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Boundaries Or Barriers?

Chan Gin Kai

Luke 9:10-17

When the apostles returned, they reported to Jesus what they had done. Then he took them with him and they withdrew by themselves to a town called Bethsaida, but the crowds learned about it and followed him. He welcomed them and spoke to them about the kingdom of God, and healed those who needed healing. (Luke 9:10-11)

We are called to serve God and His people. But it can be tough and tiring too. How do we serve sacrificially without getting burnt out?

Boundaries To Protect

Jesus had sent the Twelve to preach the good news and heal people everywhere (Luke 9:1-6); they had gone out to meet the needs of others. They returned victorious, and Jesus “took them with him and they withdrew by themselves” to Bethsaida. It was a time for a break, for Jesus to take care of them after they have done his work. God desires to reward those who serve Him.

Serving God and His people can be tough. There’ll be some who’ll ignore us, some who won’t appreciate what we do and even some who’ll persecute us. We can be victorious and still feel tired, or sometimes totally exhaust ourselves and yet yield no results.

It is even more dangerous when the ‘saviour complex’ sets in and we start over-estimating our own importance. This is a struggle I am prone to whenever I’m not careful. I can start serving with the purest intention, and Satan craftily corrupts it into a self-validation exercise. The ‘saviour complex’ puffs us up, and then burns us out.

While we must be passionate and devoted in serving others, we cannot forget our own needs. Jesus is the Saviour and we are not. He has the power we need. We can and should regularly withdraw by ourselves with Jesus. We need our personal time with him, to get refreshed and energised again. Burning ourselves out is not only doing ourselves a silly disservice, it makes us less effective in serving God on the long run too.

We need boundaries to protect our relationship with God, our health and the people we love. We must be sold out and sacrificial, but our time alone with God must be sacred and more important than everything else. Our body is the temple of God. Do we over-stress our physical, mental and emotional health? And do we neglect the people we love while we’re serving others? That is not only wrong in the eyes of God, but create consequences that will come back to haunt us too.

God wants us to serve him, and God desires to reward us too. Set up healthy boundaries.

Barriers That Repel

When the crowd learnt where Jesus had gone to, they followed him. But instead of shooing them away, “he welcomed them”, taught them and “healed those how needed healing.” Jesus didn’t tell them “Hey, this is my special time with my disciples, go away and come back another time.”

We need to learn the delicate balance. While we must not burn ourselves out, we cannot be selfish either. While we must draw some boundaries, the walls we build to protect ourselves must not become barriers that repel others. Our boundaries cannot become our excuses.

So how do we strike the balance? The people who followed Jesus to Bethsaida sought him, and they “needed healing”. People who genuinely seek Jesus and need healing are not people we can turn down. This is where we may sometimes need to work out of our comfort zone. This is when we’ll need to imitate Jesus’ sacrifice.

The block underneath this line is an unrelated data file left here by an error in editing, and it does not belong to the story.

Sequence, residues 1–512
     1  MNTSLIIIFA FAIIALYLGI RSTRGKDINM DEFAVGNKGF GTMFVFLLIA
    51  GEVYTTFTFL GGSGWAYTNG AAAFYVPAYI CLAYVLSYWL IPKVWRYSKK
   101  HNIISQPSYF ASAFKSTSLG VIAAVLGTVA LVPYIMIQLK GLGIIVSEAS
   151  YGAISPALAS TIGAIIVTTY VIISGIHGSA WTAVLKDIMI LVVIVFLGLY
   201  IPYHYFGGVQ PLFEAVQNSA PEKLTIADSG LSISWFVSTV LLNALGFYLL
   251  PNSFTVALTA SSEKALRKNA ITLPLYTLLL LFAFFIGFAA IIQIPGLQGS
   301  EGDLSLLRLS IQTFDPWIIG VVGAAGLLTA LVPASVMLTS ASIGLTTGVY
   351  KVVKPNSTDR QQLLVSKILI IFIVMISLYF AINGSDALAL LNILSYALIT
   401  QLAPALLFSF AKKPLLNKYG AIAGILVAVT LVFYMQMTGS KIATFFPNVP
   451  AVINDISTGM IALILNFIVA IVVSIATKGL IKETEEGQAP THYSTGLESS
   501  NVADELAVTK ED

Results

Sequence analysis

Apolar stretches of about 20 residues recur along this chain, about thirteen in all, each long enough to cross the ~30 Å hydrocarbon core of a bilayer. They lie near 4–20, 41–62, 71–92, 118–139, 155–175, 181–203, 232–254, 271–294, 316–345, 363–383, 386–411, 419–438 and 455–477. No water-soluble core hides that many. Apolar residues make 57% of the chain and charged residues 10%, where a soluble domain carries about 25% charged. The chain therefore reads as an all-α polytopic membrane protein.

There are however the trouble-seekers and self-seekers too. It is easy with the trouble-seekers who come to church or to us with the intention of causing harm. We don’t even need to entertain them.

The self-seekers, however, are a little trickier. They may come to us or to church not because they want to seek God, but because they’ve got an endless list of needs they want us to meet. We help them when we can, for Jesus helps without discriminating too. Besides they may just learn about God’s love through our actions.

But when the self-seekers constantly complain even after they’re help, and only pile on a longer list of needs that they demand we meet, we’ll need to draw our boundaries. Are those needs genuine or just plain selfishness? Are there more important needs elsewhere that need our attention? Are they burning us out?

Sadly, there are more than a few self-seekers in church. They are so used to getting their needs met in church that they’ve become spoilt. They forget that our primary reason for coming to church is to worship God and not get our needs met. They forget that God has already met our greatest need – salvation. And they forget that the lost have even greater needs. We need to remind them of the cross, and why they became disciples.

But trouble-seekers and self-seekers aside, there are many more in church and in the world that genuinely need our help. There are the weak, the lost and the poor. There are those who need spiritual food and those who need physical nourishment. Do we put up barriers and turn them away?

We need boundaries to protect ourselves. But we cannot have barriers that repel others. As we serve God’s Kingdom, we will tire, but we can lean on Him for strength.

Even youths grow tired and weary, and young men stumble and fall; but those who hope in the Lord will renew their strength. They will soar on wings like eagles; they will run and not grow weary, they will walk and not be faint. (Isaiah 40:30-31)

Chan Gin Kai

Gin Kai is a film producer who believes in the power of media to inspire positive changes. He has spearheaded disaster relief and capacity building projects in impoverished communities across Asia. In church, he serves as a mentor to young professionals in the EDGE Ministry. He describes himself as "just a sinner who wants to get right with God".

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